KYA child welfare coalition unveils state budget priorities

Rep. Steve Riley, R-Glasgow, speaks during a child advocacy event held at Gondolier Italian Restaurant and Pizza on Thursday, Dec. 5. 

GLASGOW – A coalition of more than 90 nonprofit, public and private groups united in their child advocacy efforts laid out its priorities Thursday for the Kentucky General Assembly’s 2020 session.

The Blueprint for Kentucky’s Children will push for 13 legislative and budget priorities once the next year’s lawmaking session begins in January.

Among the group’s top priorities – campaigning for increased investment in Kentucky’s Child Care Assistance Program, banning corporal punishment in schools statewide and reforming a cash bail system that it said keeps impoverished families separated longer than necessary.

The group will likely face an uphill battle, however, as lawmakers craft a tight state budget.

This week, a memo from outgoing Gov. Matt Bevin’s administration revealed that Gov.-elect Andy Beshear could have to account for a massive budget shortfall exceeding $1 billion when submitting his budget plan next year, according to The Associated Press.

“Budgets are about priorities, and we firmly believe that kids should be at the top of the list,” said Patricia Tennen, chief operating officer at Kentucky Youth Advocates, which helped assemble the coalition about a decade ago to unite child advocacy efforts in the state.

Thursday’s event at a local Italian restaurant was held in partnership with Bridge Kentucky, a local nonprofit dedicated to keeping kids out of foster care.

In crafting its legislative agenda, Tennen said the Blueprint for Kentucky’s Children prioritized action items that are both “urgent” and “feasible.”

They’re designed to draw bipartisan support, Tennen said, because “kids can’t wait.”

Among other priorities that stand out are efforts to enact a tax on e-cigarettes, prohibit their sale to anyone under age 21 and boost state investment in prevention and cessation programming.

“With our poor health outcomes as a state, it makes a ton of sense,” Tennen said.

The group also wants state funding for the School Safety and Resiliency Act, which was passed this year to promote school safety improvements in response to a deadly school shooting in Marshall County.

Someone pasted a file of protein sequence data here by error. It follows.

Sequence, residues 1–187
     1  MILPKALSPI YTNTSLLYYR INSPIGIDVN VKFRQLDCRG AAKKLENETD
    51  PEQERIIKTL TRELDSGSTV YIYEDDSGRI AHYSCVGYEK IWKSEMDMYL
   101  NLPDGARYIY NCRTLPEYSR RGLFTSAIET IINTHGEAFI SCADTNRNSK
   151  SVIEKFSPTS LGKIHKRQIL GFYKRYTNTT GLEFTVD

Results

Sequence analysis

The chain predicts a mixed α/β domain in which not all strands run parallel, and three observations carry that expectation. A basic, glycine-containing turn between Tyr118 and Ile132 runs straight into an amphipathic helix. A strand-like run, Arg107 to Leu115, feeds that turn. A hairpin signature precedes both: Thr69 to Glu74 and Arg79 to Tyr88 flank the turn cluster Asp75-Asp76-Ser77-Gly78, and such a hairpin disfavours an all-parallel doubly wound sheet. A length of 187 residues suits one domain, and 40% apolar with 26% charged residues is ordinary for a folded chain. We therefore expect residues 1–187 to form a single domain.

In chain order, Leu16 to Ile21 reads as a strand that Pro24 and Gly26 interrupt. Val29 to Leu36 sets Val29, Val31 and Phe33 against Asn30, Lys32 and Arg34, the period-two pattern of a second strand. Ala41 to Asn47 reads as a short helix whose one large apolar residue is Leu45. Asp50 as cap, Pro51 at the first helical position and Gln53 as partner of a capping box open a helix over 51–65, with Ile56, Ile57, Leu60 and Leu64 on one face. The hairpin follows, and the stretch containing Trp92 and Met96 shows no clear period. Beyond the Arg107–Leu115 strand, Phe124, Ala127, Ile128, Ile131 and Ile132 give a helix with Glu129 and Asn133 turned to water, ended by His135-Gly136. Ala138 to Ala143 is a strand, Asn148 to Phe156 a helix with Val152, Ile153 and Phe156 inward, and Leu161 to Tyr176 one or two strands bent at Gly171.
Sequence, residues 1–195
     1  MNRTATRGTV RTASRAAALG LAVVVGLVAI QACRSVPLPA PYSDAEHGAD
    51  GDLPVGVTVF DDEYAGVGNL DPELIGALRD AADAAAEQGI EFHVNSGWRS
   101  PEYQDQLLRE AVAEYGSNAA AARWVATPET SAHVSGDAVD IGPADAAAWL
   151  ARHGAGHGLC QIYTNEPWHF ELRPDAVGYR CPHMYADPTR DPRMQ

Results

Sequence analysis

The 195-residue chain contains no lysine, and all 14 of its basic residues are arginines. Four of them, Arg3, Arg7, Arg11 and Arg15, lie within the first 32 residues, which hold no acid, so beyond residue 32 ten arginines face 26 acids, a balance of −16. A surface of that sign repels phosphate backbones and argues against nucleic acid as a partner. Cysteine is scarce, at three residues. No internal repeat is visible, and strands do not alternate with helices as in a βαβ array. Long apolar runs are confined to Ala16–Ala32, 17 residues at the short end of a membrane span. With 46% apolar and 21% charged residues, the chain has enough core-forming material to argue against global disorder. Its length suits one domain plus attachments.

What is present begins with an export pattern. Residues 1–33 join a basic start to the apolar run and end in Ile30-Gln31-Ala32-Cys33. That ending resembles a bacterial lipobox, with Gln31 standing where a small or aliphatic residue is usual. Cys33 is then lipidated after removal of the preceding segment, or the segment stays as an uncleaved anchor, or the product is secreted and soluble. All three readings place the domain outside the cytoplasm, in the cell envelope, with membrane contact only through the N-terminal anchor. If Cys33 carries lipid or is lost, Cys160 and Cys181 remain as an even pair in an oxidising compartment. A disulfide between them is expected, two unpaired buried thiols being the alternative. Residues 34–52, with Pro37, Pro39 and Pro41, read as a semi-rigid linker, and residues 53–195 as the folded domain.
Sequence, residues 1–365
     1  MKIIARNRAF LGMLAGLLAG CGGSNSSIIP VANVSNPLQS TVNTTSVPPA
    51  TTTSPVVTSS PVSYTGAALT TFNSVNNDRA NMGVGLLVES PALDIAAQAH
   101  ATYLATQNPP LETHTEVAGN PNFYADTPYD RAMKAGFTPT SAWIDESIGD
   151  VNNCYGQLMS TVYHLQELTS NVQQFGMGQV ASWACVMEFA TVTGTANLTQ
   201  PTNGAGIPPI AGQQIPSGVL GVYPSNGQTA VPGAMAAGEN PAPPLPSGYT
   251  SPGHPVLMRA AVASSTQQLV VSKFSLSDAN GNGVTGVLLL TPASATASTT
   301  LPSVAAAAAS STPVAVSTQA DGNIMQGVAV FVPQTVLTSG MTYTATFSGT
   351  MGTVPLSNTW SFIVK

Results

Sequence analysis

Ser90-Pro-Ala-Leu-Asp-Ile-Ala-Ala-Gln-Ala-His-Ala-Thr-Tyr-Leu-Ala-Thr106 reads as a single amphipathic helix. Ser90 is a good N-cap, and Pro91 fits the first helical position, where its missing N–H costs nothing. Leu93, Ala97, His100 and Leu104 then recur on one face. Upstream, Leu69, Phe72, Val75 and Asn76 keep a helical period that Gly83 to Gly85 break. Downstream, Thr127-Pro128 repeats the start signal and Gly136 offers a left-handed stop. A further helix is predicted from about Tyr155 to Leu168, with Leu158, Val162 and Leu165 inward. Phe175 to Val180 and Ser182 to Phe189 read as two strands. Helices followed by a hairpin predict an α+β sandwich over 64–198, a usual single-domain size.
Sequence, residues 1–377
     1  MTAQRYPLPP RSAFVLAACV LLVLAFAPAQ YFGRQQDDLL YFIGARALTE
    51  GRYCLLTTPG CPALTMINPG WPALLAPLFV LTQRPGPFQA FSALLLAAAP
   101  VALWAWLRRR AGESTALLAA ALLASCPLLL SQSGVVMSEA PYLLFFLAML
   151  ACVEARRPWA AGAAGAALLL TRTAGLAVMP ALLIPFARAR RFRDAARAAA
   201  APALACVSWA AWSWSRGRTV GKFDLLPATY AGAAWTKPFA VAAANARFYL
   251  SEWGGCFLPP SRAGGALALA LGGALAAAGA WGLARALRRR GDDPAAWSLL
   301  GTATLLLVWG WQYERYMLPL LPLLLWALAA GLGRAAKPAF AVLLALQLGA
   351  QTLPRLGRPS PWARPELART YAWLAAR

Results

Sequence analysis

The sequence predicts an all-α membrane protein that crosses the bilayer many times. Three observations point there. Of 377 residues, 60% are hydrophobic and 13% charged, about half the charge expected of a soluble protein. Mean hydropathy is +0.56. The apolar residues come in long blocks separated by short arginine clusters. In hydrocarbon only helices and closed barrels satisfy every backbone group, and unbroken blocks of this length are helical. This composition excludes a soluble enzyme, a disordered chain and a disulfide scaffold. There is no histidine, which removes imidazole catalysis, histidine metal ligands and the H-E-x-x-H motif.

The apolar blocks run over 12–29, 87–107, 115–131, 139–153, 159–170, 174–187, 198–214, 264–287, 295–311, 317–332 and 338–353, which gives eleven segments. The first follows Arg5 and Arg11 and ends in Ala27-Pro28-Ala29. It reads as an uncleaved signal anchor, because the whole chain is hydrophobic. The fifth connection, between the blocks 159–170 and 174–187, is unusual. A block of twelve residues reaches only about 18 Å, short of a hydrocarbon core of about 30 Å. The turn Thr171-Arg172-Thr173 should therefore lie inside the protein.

The Blueprint for Kentucky’s Children will have Rep. Steve Riley, R-Glasgow, as its ally when it comes to banning corporal punishment in all Kentucky school districts.

“Right now in the state of Kentucky, 15 school districts still use corporal punishment,” said Riley, who has led previous efforts to disallow the practice of using physical punishment for school discipline.

Riley noted that most of the school districts where the practice is still in use lie in the far eastern and western halves of the state. The closest county is Monroe County.

Riley has filed bills for at least the last two legislative sessions to ban corporal punishment, but they’ve stalled. As a former educator, Riley doesn’t think educators should have anything to do with that form of discipline.

“Children oftentimes need love when they go to school. They need somebody that’s going to care for them,” Riley said, adding that the punishment is both ineffective and counterproductive in changing bad behavior.

Next year’s legislative session is slated to begin Jan. 7. The full priorities list is available with this article at bgdailynews.com, and more information about the group is available at kyyouth.org/blueprint.

– Follow education reporter Aaron Mudd on Twitter @BGDN_edbeat or visit bgdailynews.com.

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Education reporter. Covers education and related issues, focusing primarily on the Bowling Green and Warren County public school districts and Western Kentucky University.

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